The only problem with these is that they tend to be quite small and so your baby will grow out of them quite quickly.

But the Mika Micky is on the larger side and potentially offers the chance for your little one to be able to sleep in it for an extended period of time – check out our full review of the Mika Micky here.

Sleep Training

If your little one is older than four months you could try sleep training although this does have mixed reactions amongst parents. But you have to do what you are comfortable with and what works for your family.

Many babies and children alike need to be taught how to sleep independently.

White Noise

Your baby may be the happiest sleeping on your chest as the familiar sound of your heartbeat echos around them. You may be able to fool your baby by using a white noise machine that has the heartbeat sound.

It probably will not cure their sleeping problem straight away but it may help them to start to sleep independently.

How To Help Your Baby Sleep Safely

Babies need to learn how to sleep and you can help them to sleep safely and also reduce the risk of SIDS and other sleep-related infant deaths.

There are around 3,500 sleep-related deaths among US babies each year. But parents can help to create a safe area for their baby to sleep by taking just a few steps.

  • Always place your baby on their back for naps and at night. Even if a baby spits up while they are on their back their anatomy and gag reflex will help to prevent them choking in their sleep. Those babies that sleep on their backs are far less likely to die from SIDS compared to babies who sleep on their sides or even their stomachs.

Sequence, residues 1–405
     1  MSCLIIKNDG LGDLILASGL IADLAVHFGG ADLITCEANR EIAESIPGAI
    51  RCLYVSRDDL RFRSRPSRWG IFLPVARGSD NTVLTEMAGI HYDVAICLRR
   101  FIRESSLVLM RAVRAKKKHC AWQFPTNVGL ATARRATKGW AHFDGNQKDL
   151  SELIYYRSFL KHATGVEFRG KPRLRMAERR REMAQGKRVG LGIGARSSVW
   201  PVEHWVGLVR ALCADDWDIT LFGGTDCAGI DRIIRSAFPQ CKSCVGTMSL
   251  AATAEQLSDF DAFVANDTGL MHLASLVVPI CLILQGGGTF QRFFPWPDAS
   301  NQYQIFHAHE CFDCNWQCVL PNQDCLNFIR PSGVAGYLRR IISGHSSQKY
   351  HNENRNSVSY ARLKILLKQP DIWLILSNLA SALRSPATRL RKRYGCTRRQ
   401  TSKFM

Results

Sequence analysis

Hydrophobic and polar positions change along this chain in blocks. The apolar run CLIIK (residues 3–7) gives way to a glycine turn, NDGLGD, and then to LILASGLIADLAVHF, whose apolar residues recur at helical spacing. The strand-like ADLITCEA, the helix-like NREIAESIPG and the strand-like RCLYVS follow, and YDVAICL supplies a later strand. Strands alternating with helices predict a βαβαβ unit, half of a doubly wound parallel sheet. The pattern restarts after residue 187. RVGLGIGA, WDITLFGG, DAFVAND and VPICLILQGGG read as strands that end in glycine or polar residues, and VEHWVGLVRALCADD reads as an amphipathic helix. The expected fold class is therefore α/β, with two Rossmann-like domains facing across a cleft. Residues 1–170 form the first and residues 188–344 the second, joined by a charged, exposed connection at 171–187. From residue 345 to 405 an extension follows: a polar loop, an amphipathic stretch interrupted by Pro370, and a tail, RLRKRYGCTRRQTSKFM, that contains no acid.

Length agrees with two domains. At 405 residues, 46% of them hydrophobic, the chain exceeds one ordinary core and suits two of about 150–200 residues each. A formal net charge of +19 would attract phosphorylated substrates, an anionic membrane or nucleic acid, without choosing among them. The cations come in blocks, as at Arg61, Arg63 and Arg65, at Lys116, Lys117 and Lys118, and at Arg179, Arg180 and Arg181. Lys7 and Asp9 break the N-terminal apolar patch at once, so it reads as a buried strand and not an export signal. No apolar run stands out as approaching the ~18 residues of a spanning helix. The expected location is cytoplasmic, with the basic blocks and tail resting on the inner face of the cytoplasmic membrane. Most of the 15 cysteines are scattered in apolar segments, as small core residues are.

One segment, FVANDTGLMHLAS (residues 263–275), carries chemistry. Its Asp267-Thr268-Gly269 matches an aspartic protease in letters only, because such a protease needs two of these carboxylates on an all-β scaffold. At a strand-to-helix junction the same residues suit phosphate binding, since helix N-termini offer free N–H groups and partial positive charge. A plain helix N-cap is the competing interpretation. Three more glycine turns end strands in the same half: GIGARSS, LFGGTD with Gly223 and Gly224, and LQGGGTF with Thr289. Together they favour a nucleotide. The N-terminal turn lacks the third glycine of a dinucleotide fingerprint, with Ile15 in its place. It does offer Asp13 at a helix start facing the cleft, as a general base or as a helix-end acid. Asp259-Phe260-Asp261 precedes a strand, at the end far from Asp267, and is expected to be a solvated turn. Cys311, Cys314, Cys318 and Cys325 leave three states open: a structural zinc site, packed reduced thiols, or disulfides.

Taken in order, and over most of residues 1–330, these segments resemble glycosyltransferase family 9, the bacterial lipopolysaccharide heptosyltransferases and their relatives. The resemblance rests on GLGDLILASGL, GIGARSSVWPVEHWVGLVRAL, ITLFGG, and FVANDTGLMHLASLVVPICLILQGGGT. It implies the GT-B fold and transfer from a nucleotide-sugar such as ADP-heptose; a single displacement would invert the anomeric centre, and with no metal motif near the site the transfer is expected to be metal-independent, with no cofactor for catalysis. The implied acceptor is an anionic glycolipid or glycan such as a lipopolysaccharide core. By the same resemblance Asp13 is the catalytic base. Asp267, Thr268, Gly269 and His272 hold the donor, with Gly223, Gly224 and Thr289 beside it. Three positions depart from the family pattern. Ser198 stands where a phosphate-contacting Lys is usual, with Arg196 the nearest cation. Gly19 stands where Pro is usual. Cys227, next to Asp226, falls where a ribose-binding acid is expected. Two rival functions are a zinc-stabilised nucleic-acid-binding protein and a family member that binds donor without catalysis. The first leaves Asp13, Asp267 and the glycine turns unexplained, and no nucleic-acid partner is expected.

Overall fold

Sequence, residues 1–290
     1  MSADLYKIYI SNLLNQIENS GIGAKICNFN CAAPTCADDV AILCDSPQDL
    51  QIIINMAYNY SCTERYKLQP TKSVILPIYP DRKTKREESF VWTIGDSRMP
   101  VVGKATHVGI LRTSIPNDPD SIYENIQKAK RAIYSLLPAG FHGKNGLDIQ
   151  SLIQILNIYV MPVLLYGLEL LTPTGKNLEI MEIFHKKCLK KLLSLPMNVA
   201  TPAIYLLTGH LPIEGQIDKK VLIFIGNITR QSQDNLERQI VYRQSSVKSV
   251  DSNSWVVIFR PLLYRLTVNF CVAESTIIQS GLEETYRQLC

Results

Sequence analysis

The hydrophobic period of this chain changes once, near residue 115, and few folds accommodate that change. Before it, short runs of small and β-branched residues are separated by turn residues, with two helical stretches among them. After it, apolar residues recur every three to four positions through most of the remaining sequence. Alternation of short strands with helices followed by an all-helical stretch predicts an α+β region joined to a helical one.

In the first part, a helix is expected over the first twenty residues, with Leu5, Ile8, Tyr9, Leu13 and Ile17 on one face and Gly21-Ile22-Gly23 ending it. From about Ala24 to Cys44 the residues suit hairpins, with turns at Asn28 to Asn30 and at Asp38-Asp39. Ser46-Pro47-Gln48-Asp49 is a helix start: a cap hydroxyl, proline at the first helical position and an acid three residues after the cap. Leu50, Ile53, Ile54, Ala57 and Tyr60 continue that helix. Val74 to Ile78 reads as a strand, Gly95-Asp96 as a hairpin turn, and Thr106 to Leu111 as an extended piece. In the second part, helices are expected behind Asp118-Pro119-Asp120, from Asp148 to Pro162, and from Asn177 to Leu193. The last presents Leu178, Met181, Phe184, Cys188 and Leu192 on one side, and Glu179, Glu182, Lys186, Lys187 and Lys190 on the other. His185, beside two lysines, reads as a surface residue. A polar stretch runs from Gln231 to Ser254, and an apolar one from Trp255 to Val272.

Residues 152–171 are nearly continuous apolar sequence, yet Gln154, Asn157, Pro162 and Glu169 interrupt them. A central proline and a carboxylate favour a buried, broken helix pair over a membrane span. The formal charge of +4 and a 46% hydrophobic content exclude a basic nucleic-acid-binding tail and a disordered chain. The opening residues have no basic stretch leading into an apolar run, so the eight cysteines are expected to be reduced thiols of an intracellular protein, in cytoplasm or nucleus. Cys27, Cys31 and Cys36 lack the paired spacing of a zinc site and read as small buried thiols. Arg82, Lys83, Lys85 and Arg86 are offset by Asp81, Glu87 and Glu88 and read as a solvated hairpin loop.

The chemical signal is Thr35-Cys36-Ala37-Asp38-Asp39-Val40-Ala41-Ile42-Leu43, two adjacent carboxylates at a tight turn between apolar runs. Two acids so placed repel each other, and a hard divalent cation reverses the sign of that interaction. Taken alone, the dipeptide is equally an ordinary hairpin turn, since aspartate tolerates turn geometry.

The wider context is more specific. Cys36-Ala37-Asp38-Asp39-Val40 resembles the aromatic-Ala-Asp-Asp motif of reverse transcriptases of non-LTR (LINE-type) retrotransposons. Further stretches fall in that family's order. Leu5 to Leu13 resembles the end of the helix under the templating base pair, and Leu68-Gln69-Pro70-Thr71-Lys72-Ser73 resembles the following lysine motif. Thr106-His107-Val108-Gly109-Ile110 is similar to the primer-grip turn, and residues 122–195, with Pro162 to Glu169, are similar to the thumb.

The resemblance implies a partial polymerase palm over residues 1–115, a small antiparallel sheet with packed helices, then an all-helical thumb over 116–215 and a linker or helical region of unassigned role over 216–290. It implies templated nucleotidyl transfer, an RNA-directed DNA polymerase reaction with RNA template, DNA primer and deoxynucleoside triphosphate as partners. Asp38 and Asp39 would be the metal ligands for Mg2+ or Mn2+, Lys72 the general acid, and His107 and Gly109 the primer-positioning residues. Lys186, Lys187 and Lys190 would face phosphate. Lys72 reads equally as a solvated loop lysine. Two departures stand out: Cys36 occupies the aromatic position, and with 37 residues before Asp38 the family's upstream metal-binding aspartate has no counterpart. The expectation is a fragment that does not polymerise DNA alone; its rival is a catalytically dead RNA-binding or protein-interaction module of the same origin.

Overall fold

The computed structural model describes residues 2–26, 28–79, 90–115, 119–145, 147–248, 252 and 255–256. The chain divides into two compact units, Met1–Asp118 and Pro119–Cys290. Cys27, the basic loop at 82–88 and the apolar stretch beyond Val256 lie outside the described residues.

• Ensure that your baby is sleeping on a firm, flat surfaces, such as a safety-approved mattress and this should only be covered in a fitted sheet. Although a soft surface may appear to be more comfortable to parents it can also increase the risk of sleep-related death and sleeping on a firm surface reduces the risk of SIDS as well as suffocation.
  • Your baby’s sleeping area should be in the same room as you sleep until they are at least 6 months old, ideally until they are one year old. This in itself may decrease the risk of SIDS by as much as 50%.
  • There should be no blankets, pillows, bumpers, or soft toys in their sleep area. Your baby should not be covered with additional sheets or blankets as these can cause your baby to overheat and pose a suffocation risk. If you are concerned about your little one getting cold during the night then you could always opt for a baby sleeping bag or something similar.

Safety And Co-Sleeping

Co-sleeping is a common practice amongst parents and I for one am certainly guilty of it. But why do parents co-sleep but yet still worry about the risks that are associated with it?

Many parents continue to co-sleep in order to bond with their baby or to make nursing easier or simply because their baby won’t sleep anywhere else.

But bed-sharing does come with its own risks and studies have shown that around half of all suffocation deaths among infants happen in an adult bed.

But there are many dangers lurking in an adult bed for a tiny baby, from a soft mattress to large pillows, fluffy blankets, and comforters.

Another mistake that sadly many parents believe is that they are in fact light sleepers and would wake if they rolled over on their baby, but there are many tragic stories that prove otherwise.

If you do wish to co-sleep then the safest way to do this is either in a bedside crib or a product like Dock-A-Tot. Both these options allow you to keep your baby close while still keeping them separate and giving them their own space.

Sleeping on The Couch With Baby

This is the most dangerous place to fall asleep with your baby as couches are so soft and plush and it is super easy for mom or dad to roll over and suffocate baby or for baby to fall off the couch onto the floor.

But yet many parents still couch share with their infants and are often surprised that it is so risky.